Here's the Camaro's sound system:
In the well of the trunk are 12v car batteries. Those are connected to the A/B/AB/off marine switch you see at lower right center. This allows me to choose to run both the front battery and the rear set, and charge the rear set at the same time as the front battery from the car's high-current alternator. Or I can select just B, and run the audio system exclusively off the rear battery set. This is good when the car is off, that way you can't kill the front battery and be unable to drive away. Off is also good for maintenance; that 1 farad cap can melt a small screwdriver; once the batteries are disconnected, the cap can be discharged with a resistor in a few seconds.
To the lower left is a remote CD changer. The bar nearest the rear of the car is a blue fluorescent that lights the system at night; you can see that in the other picture. In the center is a high current custom choke that prevents alternator whine and such from getting into the amps. As you see it, it's been bypassed for a DB/power competition (it also limits total current.) I take the bridge off for normal use and for fidelity competitions.
Between the choke and the cap, basically no charging system noise reaches the amps or crossover. To the left of the choke is a 1 farad capacitor. This is not local bass power storage, the way these are usually used; instead it serves as smoothing for the choke's output, a different role entirely. Max draw ahead of the choke is a smoothed 140 amps with the alternator keeping the batteries at 13.8 volts, not high current compared to modern maxed out systems. When the choke is bypassed, the system will pull as much as 240 amps. The choke really does limit the total amount of power when its inline, but in return, you get really good fidelity... that's why it's there.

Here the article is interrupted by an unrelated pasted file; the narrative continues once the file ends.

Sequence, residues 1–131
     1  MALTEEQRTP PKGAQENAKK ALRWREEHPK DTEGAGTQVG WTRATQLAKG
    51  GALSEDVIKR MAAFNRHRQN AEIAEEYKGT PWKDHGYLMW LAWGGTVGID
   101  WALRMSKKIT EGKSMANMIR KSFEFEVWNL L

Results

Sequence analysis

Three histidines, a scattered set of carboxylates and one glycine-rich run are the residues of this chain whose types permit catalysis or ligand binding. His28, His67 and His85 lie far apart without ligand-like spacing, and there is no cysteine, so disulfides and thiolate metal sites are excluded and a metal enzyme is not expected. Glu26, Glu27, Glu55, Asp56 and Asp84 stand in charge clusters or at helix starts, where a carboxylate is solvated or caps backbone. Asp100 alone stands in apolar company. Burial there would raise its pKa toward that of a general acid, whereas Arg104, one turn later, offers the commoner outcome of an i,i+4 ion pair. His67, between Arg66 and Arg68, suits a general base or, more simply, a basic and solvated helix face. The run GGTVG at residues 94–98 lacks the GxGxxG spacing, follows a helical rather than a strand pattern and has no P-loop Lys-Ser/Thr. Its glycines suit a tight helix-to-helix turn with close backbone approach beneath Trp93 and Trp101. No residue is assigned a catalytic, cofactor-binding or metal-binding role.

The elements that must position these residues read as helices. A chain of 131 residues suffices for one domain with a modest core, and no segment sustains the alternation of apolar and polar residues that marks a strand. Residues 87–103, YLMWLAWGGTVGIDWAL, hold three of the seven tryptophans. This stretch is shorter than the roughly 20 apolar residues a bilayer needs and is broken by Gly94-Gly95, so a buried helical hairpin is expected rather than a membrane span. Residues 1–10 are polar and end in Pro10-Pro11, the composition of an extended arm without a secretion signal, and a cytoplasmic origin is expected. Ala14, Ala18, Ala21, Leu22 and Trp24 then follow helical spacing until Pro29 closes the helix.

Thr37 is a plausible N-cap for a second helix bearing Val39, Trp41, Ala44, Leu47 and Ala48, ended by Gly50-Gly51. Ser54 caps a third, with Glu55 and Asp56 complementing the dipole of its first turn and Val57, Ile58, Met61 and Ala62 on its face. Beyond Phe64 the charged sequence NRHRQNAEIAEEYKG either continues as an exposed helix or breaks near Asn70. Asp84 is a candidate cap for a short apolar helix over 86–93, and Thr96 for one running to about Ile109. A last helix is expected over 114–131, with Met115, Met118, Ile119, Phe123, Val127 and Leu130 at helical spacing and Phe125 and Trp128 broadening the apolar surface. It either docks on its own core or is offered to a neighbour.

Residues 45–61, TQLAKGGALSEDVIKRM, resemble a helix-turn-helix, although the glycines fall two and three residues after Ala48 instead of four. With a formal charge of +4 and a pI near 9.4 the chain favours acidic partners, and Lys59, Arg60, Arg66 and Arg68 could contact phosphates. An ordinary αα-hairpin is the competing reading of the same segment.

Extreme right and left are heavily modified custom power amps for the dual independent 15" subs running bridged at about 700 watts RMS each. So that's 1400 clean, continuous watts for bass bypassed, probably about a thousand available for peaks and perhaps 700 continuous with the choke inline.
On top, in the center, is a 2-channel, 3-way active crossover. Left and right of it are two-channel power amps. Each one drives a midrange and a tweeter.
The box itself has replaced the rear seat, and is mounted on a removable frame that comes out with a couple of bolts, allowing the seat to go back in.
For maintenance, the entire system lifts out of the frame with two handles, after detaching a few plugs and cables and moving the CD player. The frame is a custom steel welded assembly that prevents the box from going forward in case of an accident. In the box are two 15" subs in chambers isolated from one another (because they're independent), two sealed mids, and two sealed tweeters. Each of the six drivers has its own amp and individual feed, EQ and level from the active crossover.
The car has audio matting in all the doors and panels. I've had passengers ask me to turn it up with the windows closed, and then complain that their chests "felt funny" after getting a good thumping.
Me, I wear earplugs for that kind of craziness or else avoid being in the car entirely. I built it up for fun, not to make my eardrums meet in the middle. :-)
Anyway, the whole audio block is gone now, my "lift it out with two handles" design served some thief very well. This spring I'll be putting the seats back after I get them cleaned (they've been in storage since about 1992, which is when I started building this thing) and I think it'll be time to mount a Paxton blower and enjoy the car as a road warrior for a while. I'm really pretty fond of it.
Here's a shot of it set up with big feet for 1/4 mile: